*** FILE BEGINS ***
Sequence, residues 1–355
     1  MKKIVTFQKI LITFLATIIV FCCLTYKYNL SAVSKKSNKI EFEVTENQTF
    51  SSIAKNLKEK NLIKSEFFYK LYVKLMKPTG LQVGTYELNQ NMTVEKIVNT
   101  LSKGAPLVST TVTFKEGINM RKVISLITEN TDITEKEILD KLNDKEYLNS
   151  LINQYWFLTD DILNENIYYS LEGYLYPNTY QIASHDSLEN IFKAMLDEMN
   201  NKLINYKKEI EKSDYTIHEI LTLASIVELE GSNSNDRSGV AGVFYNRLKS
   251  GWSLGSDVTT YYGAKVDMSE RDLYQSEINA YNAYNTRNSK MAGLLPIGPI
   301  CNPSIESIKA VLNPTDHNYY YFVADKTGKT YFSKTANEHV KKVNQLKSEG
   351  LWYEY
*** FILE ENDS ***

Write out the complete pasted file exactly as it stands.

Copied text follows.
Sequence, residues 1–355
     1  MKKIVTFQKI LITFLATIIV FCCLTYKYNL SAVSKKSNKI EFEVTENQTF
    51  SSIAKNLKEK NLIKSEFFYK LYVKLMKPTG LQVGTYELNQ NMTVEKIVNT
   101  LSKGAPLVST TVTFKEGINM RKVISLITEN TDITEKEILD KLNDKEYLNS
   151  LINQYWFLTD DILNENIYYS LEGYLYPNTY QIASHDSLEN IFKAMLDEMN
   201  NKLINYKKEI EKSDYTIHEI LTLASIVELE GSNSNDRSGV AGVFYNRLKS
   251  GWSLGSDVTT YYGAKVDMSE RDLYQSEINA YNAYNTRNSK MAGLLPIGPI
   301  CNPSIESIKA VLNPTDHNYY YFVADKTGKT YFSKTANEHV KKVNQLKSEG
   351  LWYEY